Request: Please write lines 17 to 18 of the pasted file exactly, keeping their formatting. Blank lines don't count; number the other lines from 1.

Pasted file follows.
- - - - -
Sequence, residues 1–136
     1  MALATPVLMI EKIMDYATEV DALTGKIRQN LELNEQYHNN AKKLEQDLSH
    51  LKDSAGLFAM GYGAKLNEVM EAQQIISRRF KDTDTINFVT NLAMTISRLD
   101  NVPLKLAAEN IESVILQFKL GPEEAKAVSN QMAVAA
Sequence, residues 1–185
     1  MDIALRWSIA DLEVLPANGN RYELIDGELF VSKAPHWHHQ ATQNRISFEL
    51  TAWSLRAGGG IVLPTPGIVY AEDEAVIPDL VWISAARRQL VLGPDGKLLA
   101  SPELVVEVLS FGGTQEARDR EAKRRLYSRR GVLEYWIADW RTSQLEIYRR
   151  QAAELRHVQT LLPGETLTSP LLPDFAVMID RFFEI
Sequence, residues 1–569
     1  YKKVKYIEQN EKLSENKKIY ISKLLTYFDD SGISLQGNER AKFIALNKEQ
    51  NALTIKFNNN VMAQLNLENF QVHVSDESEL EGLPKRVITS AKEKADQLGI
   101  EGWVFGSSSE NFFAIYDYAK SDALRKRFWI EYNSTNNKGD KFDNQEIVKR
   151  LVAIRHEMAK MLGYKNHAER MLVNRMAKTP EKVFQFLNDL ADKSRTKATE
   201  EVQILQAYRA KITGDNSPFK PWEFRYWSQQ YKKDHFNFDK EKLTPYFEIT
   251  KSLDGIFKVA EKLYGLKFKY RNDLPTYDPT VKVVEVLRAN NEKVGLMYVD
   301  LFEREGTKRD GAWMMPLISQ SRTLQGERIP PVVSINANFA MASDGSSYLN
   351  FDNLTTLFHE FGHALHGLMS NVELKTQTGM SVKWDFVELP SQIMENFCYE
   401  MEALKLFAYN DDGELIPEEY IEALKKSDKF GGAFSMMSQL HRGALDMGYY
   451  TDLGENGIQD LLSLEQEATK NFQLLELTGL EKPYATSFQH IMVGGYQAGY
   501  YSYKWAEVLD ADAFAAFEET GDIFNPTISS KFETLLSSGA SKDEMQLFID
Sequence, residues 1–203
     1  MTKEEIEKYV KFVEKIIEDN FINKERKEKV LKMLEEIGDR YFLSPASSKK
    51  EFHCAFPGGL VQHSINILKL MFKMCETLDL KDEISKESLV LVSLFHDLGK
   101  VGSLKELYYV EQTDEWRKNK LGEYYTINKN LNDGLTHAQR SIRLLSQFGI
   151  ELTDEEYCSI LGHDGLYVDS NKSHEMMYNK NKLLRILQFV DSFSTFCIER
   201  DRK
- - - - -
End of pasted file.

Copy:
   301  LFEREGTKRD GAWMMPLISQ SRTLQGERIP PVVSINANFA MASDGSSYLN
   351  FDNLTTLFHE FGHALHGLMS NVELKTQTGM SVKWDFVELP SQIMENFCYE